NHTSA: Drunk Drivers Cause One Death Every 51 Minutes
Though alcohol-impaired-driving deaths decreased 4.9% in 2010 compared to 2009, the numbers are still staggering. Over 10,000 people died in 2010 because of a drunk driver. That equates to one person every 51 minutes who dies at the hand of a drunk driver. Even more disturbing: 17% of those who died were 14 years old or younger. These numbers indicate that 31% of all traffic deaths involve an alcohol-impaired driver.
The study goes on to state that fatal crashes are four times more likely to happen at night. Not surprising, alcohol-impaired accidents resulting in death are more likely to happen on the weekends versus a weekday.
It appears that young drivers are at the highest risk to cause a fatal accident. Drivers between the ages of 21 and 24 cause 34% of all alcohol-impaired deaths. This age group is closely followed by the 25 to 34 year olds, who cause 30% of alcohol-impaired deaths, and then the 35 to 44 year olds, who cause 25% of these fatal accidents. It would be interesting to study whether age and maturity result in better decisions, or whether alcohol misuse declines as the population ages. Both? Do public awareness campaigns have a cumulative impact over time, contributing to that trend? MADD’s efforts over the last 20+ years represent one of the most effective public awareness campaigns in history. Does it take years of exposure before we heed the message?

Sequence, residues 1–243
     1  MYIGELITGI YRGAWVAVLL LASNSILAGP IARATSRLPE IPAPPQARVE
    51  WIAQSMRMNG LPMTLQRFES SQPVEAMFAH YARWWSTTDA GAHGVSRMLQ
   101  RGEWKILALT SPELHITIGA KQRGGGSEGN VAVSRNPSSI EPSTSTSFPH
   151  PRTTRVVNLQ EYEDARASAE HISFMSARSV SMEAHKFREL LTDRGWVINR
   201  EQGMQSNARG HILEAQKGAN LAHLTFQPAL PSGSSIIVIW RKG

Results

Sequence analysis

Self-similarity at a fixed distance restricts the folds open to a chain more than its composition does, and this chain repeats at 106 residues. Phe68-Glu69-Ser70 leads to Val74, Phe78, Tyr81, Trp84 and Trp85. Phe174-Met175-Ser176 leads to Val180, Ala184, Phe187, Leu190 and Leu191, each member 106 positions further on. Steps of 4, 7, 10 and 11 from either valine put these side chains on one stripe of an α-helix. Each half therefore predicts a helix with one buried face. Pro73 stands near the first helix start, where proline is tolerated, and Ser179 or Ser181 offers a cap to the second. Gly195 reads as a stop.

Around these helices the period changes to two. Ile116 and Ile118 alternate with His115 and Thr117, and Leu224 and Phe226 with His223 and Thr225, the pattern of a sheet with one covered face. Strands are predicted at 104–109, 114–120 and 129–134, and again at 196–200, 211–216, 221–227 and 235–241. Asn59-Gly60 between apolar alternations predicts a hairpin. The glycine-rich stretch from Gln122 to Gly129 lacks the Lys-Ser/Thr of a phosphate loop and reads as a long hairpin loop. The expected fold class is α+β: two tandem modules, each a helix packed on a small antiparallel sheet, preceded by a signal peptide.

Repeat offenders continue to challenge law enforcement, courts
Not surprisingly, a repeat offender is four times more likely to cause a deadly crash. That is why groups such as The Century Council have focused efforts on the Hardcore Drunk Driver. And in the last year, we’ve identified an increased focus on repeat offenders in DUI legislation and policies aimed at reducing drunk driving. With 58% of fatal accidents caused by someone with a .15 BAC or higher, is there a growing acceptance of Super Drunk laws, which penalize those driving with BAC twice the legal limit or higher?
So what do these numbers tell us? We seem to be heading in the right direction. What initiatives, sanctions, or programs do you think are making the biggest impact on the reduction of alcohol-related traffic fatalities?